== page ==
The Blassenville sisters and the sheriff return to the old plantation to do battle against the horror inside. After that, there’s a great deal of chaos.

Verdict: Thumbs down. I’ve been loving this series, but the final chapter just doesn’t measure up. And I gotta put the blame on the artwork. It’s just too dark, too muddy, too confusing. I read the original story, so I should have a pretty good idea about what’s going on here, but I just couldn’t keep track of what was going on.

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Fear Itself

It’s been too long since we looked at any horror comics, ain’t it?


Pigeons from Hell #3

Joe R. Lansdale’s adaptation of Robert E. Howard’s classic horror story continues, as the Blassenville sisters and the roaming sheriff make a narrow escape from the old haunted plantation mansion. Whatever’s inside doesn’t follow them, but they can’t simply leave — they have a friend who may still be trapped in the house. So they retreat to a nearby shack, where an ancient hoodoo man spins them the tales of the old house’s horrific history. Will knowing the house’s secrets help them fight the evil spirit inside? Or is it too strong for anyone to withstand?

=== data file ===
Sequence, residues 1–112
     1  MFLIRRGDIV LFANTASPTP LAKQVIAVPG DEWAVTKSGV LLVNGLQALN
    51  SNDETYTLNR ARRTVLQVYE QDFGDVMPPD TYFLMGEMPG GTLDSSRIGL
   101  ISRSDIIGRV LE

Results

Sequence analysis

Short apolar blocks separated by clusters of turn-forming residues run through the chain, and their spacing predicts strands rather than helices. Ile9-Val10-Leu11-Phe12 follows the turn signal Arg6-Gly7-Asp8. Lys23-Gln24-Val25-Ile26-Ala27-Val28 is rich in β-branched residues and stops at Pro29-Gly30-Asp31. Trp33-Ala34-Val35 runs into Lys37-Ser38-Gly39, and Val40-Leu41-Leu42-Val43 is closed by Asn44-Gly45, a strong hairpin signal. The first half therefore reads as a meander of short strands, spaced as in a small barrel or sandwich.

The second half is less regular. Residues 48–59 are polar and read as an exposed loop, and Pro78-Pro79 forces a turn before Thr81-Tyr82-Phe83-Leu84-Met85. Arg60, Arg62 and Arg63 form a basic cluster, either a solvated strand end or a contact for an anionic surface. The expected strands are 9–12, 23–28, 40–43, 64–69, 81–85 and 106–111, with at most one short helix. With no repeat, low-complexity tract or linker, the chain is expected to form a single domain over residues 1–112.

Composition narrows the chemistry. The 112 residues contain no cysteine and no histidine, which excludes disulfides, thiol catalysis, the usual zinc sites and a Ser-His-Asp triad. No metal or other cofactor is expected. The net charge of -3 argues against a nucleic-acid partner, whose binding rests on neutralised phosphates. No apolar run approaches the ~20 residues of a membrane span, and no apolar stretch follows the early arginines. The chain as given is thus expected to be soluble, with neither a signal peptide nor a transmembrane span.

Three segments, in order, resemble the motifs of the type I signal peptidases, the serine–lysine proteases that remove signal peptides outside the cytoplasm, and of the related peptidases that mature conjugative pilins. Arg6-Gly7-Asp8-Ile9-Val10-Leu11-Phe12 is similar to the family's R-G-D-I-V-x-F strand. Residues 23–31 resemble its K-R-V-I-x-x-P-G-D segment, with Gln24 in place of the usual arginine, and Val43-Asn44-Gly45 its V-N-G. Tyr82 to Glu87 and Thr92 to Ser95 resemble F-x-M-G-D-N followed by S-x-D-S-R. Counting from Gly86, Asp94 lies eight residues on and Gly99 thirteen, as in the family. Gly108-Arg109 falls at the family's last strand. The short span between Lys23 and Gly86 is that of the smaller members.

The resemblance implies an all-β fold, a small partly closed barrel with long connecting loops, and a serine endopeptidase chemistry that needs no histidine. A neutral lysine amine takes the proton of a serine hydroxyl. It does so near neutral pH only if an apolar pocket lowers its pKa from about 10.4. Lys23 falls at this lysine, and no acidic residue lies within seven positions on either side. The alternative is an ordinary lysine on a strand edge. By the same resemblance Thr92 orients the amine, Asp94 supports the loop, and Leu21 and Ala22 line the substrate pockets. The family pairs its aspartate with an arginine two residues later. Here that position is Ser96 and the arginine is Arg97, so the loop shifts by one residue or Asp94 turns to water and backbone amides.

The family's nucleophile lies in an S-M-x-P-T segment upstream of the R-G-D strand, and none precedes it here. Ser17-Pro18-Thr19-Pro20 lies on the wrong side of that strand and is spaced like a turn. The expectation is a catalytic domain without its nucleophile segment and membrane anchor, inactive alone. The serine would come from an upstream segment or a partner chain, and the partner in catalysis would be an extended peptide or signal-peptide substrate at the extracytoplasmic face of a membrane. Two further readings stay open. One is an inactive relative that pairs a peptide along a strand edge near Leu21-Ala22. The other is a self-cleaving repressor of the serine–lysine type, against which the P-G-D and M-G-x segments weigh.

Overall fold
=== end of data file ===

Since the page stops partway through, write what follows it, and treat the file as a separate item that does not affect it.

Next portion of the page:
Verdict: Thumbs up. Good and creepy, and excellent suspense as well.


B.P.R.D.: The Ectoplasmic Man

This is essentially the origin story of Johann Kraus, the Bureau for Paranormal Research and Defense’s resident disembodied medium. Back in 2002, the story goes, he was leading a seance, assumed an ectoplasmic form to commune with the spirit world, and inadvertently became part of a global supernatural disaster that destroyed thousands of spirits — the psychic feedback killed Kraus’ body and the other participants in the seance, but left Kraus as a bodiless ectoplasmic spirit. But soon, he discovers a new menace in a nearby cemetery, a demon that feeds on the souls of the recently deceased. But how can an intangible ghost stop such a powerful demon?